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150 million Nissans to date

The Nissan Motor Company has produced its 150 millionth vehicle.

Established in 1933, Nissan is based in Yokohama Japan and sells vehicles world-wide. The US, China, Mexico and the UK lead Nissan’s sales, and Australia has contributed to producing over 1.6 million of these vehicles, including 806,432 of the 50 million cars sold since the start of 2005.

Nissan held about 6 per cent market share of passenger and commercial new vehicle sales in New Zealand in 2016, selling 11,219 that year.

The Nissan Motor Company has its origins in the pre-war Japanese Empire, being one of the members of the “zaubatsu”, a group of business that dominated the Japanese economy from the late 1800s to the end of World War Two.

In 1914, the company produced its first car. Named DAT, the car’s name was an an acronym of the first letter of each of its investor’s surnames. The DAT was followed by the smaller DATSON (son of DAT) Type 11.

The 1933 Datsun 12 Phaeton.

Nissan were the first manufacturer to produce cars in New Zealand, when they sold under the Datsun brand.

They built cars in Mount Wellington from March 1963, and until the company built its own permanent plant in South Auckland in the late 1970s, Nissans were assembled all over New Zealand.

Nissans were manufactured by NZ Motor Bodies in Mt Wellington, Campbell Industries in Thames, Motor Holdings, Waitara and Todd Motors Porirua. Nissan also owned a plant in Mt Roskill, Auckland and commercial vehicle plants in Glen Innes and Mangere.

Nissan closed its last plant in New Zealand in 1998, but retains plants in North America and Mexico, Europe, Asia, Oceania, Latin America & Caribbean, the Middle East and Gulf States, and Africa.

Today, Nissan is a global full-line vehicle manufacturer that sells more than 60 models under the Nissan, Infiniti and Datsun brands.

Nissan produces the all electric Leaf, which has become a best-selling electric vehicle both globally and in New Zealand. The Leaf’s ancestry can be traced all the way back to 1947, when the Japanese government encouraged auto makers to produce electric powered cars, due to oil shortages caused by World War Two.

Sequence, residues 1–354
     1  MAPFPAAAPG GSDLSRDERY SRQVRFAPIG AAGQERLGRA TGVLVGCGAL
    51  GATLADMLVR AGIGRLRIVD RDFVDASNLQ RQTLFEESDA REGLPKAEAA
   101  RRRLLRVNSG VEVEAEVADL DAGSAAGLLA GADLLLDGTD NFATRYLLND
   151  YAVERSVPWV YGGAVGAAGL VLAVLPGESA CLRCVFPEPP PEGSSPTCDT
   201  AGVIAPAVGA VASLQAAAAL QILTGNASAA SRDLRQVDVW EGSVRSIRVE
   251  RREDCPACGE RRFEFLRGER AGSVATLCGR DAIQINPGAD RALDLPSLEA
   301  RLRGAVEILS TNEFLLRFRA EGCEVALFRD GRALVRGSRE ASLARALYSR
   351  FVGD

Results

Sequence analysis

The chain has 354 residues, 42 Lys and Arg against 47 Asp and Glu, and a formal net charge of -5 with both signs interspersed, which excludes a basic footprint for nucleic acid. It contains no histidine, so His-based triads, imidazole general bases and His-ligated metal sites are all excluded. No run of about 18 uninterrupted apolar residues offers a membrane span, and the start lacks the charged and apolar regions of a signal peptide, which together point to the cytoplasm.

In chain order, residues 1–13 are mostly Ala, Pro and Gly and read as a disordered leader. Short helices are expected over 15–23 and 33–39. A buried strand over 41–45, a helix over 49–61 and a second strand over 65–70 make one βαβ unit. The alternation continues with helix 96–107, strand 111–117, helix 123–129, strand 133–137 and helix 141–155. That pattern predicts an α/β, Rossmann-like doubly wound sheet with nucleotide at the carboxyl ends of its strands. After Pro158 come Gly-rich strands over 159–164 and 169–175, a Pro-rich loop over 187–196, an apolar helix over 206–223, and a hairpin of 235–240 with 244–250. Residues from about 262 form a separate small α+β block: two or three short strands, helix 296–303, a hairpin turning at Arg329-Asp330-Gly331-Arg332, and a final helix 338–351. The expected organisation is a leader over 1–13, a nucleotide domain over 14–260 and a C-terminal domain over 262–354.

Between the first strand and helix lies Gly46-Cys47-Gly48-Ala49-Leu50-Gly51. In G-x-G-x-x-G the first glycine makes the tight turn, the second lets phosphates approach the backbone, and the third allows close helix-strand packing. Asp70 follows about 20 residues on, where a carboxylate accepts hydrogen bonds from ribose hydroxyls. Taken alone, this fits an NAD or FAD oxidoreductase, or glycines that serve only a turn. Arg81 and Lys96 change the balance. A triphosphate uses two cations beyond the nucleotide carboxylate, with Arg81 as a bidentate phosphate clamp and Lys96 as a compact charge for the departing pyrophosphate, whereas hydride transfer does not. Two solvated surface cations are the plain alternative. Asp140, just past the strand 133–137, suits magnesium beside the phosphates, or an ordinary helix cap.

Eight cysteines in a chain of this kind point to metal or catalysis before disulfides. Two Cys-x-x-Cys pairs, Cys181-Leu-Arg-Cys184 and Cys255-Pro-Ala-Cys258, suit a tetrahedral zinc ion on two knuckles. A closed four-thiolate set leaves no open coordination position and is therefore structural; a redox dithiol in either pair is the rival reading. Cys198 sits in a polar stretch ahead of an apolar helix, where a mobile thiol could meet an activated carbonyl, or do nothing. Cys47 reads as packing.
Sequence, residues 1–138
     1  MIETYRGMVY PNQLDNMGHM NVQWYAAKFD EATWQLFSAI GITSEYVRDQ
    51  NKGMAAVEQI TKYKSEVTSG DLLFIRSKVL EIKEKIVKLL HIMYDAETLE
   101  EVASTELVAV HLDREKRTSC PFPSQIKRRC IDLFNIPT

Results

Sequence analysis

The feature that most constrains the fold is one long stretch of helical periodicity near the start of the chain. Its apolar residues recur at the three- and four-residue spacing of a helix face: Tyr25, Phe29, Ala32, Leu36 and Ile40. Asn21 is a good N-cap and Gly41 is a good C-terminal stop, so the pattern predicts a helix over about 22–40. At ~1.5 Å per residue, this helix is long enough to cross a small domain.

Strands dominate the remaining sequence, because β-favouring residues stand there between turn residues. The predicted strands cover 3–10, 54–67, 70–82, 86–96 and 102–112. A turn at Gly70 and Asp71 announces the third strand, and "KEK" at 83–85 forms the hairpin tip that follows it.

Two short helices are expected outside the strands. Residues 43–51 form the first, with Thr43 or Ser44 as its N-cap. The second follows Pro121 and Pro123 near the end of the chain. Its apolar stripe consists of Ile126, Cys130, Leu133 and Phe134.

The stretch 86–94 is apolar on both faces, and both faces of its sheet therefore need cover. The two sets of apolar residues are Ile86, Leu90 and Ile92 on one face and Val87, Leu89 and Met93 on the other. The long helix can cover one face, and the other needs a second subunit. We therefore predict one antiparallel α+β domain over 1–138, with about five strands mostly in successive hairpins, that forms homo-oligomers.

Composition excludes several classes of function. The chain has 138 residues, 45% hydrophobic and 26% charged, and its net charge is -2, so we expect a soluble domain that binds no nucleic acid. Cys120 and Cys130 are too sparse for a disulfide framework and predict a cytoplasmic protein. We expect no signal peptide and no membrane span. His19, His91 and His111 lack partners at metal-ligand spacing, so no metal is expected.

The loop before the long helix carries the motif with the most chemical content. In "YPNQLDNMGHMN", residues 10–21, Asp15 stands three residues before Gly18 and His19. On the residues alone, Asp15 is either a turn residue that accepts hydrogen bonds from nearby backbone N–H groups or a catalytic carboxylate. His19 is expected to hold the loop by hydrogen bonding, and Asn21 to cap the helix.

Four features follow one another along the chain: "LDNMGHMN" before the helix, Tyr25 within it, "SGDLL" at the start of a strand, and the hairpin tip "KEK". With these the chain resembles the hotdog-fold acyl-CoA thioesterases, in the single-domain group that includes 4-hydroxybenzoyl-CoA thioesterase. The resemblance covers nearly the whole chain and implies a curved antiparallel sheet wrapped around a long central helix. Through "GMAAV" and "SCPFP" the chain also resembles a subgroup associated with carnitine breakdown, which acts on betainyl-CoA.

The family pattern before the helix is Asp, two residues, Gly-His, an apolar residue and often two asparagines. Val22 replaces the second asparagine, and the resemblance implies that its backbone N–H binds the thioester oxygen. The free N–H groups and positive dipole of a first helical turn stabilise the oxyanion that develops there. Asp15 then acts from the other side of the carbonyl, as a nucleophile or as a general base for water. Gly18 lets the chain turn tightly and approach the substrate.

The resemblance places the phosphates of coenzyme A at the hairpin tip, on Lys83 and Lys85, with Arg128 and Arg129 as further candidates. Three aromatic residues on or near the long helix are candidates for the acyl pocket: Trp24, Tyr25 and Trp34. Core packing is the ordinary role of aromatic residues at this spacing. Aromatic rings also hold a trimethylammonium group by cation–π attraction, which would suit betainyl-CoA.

The 1947 Tama Electric Car and the 2017 Nissan Leaf.

This resulted in the Tama Electric Car, which went on to succeeded in bettering its catalog specifications in government performance tests, with a cruising range of 96.3km, and a top speed of 35.2kmh. It was widely used as a taxi and a cargo vehicle.

Nissan is currently operating in six regions: ASEAN & Oceania; Africa, Middle East & India; China; Europe; Latin America and North America, and has a global workforce of 247,500.

In fiscal year 2015, the company sold more than 5.4 million vehicles globally, and generated revenue of ¥12.19 trillion, about $160 million NZD.

The company has been partnered with French manufacturer Renault under the Renault-Nissan Alliance since March 1999.

The 1980 Nissan Violet, four time winner of the infamous Safari Rally.





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Ford-Mahindra alliance announced

Ford Motor Co announced on Monday they would launch a strategic alliance with Indian car manufacturer Mahindra that the pair say will help to counter challenges posed by rapid technological developments and global competition, Reuters reports.

As increasing numbers of policy makers throughout the world signal that they will transition to entirely electric vehicles, manufacturers of traditional combustion engine vehicles come under pressure to find ways to remain profitable.

One potential benefit to Ford of a partnership with Mahindra is access to lower cost electric vehicle designs and local suppliers it needs to compete in markets such as India.